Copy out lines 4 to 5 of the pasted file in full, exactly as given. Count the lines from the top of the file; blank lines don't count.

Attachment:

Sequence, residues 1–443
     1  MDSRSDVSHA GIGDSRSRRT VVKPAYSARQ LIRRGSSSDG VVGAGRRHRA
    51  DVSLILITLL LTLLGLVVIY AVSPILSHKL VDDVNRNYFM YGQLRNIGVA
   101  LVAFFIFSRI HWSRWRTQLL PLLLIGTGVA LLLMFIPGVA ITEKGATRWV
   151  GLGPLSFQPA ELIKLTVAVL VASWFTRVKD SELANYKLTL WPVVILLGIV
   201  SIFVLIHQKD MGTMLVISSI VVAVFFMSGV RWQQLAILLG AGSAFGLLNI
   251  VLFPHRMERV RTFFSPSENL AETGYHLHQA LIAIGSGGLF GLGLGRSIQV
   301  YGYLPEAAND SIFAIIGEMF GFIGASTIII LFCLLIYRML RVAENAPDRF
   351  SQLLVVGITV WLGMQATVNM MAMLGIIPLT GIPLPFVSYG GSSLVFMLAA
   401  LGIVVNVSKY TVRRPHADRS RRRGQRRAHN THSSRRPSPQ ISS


   101  LVAFFIFSRI HWSRWRTQLL PLLLIGTGVA LLLMFIPGVA ITEKGATRWV
   151  GLGPLSFQPA ELIKLTVAVL VASWFTRVKD SELANYKLTL WPVVILLGIV